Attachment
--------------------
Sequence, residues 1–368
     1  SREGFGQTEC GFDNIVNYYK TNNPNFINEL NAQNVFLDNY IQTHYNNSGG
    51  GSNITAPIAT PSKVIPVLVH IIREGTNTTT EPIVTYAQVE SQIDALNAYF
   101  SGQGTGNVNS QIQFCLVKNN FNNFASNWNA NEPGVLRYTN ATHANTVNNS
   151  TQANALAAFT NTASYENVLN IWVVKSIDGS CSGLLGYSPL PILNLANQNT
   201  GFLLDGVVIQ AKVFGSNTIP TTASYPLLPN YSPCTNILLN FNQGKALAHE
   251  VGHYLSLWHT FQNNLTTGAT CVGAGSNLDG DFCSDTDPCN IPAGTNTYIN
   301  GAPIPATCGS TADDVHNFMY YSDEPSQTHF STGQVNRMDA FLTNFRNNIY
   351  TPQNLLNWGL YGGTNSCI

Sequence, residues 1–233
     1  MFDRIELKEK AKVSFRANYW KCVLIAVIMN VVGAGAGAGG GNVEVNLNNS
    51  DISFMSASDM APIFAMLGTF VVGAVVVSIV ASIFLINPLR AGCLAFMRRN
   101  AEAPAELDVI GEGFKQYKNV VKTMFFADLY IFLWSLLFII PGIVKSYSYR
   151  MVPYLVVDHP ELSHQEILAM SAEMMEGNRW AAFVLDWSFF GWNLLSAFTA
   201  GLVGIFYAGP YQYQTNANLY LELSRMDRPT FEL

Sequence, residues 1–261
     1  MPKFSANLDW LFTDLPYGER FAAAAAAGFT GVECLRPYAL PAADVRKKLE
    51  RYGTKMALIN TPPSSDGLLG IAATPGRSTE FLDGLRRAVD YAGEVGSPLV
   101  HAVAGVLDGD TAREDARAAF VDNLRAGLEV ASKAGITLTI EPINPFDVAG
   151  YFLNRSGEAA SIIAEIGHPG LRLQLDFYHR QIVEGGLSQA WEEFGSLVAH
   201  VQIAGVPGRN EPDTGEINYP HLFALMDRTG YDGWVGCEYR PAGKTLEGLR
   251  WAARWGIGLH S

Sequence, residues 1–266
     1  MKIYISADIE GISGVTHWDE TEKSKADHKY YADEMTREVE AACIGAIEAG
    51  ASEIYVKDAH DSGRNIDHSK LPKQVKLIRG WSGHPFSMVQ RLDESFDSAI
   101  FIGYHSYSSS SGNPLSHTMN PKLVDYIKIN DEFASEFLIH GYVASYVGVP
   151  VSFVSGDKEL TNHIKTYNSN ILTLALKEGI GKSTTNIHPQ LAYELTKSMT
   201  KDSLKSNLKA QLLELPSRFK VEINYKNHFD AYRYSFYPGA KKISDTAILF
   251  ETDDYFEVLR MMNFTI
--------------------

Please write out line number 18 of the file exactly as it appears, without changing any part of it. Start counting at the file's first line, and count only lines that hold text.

    51  RYGTKMALIN TPPSSDGLLG IAATPGRSTE FLDGLRRAVD YAGEVGSPLV